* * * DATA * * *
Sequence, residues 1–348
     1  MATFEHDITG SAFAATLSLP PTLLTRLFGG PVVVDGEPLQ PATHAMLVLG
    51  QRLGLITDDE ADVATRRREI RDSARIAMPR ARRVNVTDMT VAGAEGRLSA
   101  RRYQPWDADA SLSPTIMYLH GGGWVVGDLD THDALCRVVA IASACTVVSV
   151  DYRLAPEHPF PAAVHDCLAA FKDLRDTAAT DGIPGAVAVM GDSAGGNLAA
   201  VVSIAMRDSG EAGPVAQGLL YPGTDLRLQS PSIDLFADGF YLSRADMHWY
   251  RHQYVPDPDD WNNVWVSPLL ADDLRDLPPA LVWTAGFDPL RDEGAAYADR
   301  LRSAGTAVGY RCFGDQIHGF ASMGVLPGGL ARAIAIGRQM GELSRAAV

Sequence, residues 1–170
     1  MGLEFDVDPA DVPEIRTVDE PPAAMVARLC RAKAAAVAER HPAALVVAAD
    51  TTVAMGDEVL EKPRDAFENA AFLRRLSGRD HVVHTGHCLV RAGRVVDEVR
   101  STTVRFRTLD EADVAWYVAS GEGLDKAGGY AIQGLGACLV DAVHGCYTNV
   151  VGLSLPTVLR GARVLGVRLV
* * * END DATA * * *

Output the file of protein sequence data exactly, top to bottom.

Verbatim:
Sequence, residues 1–348
     1  MATFEHDITG SAFAATLSLP PTLLTRLFGG PVVVDGEPLQ PATHAMLVLG
    51  QRLGLITDDE ADVATRRREI RDSARIAMPR ARRVNVTDMT VAGAEGRLSA
   101  RRYQPWDADA SLSPTIMYLH GGGWVVGDLD THDALCRVVA IASACTVVSV
   151  DYRLAPEHPF PAAVHDCLAA FKDLRDTAAT DGIPGAVAVM GDSAGGNLAA
   201  VVSIAMRDSG EAGPVAQGLL YPGTDLRLQS PSIDLFADGF YLSRADMHWY
   251  RHQYVPDPDD WNNVWVSPLL ADDLRDLPPA LVWTAGFDPL RDEGAAYADR
   301  LRSAGTAVGY RCFGDQIHGF ASMGVLPGGL ARAIAIGRQM GELSRAAV

Sequence, residues 1–170
     1  MGLEFDVDPA DVPEIRTVDE PPAAMVARLC RAKAAAVAER HPAALVVAAD
    51  TTVAMGDEVL EKPRDAFENA AFLRRLSGRD HVVHTGHCLV RAGRVVDEVR
   101  STTVRFRTLD EADVAWYVAS GEGLDKAGGY AIQGLGACLV DAVHGCYTNV
   151  VGLSLPTVLR GARVLGVRLV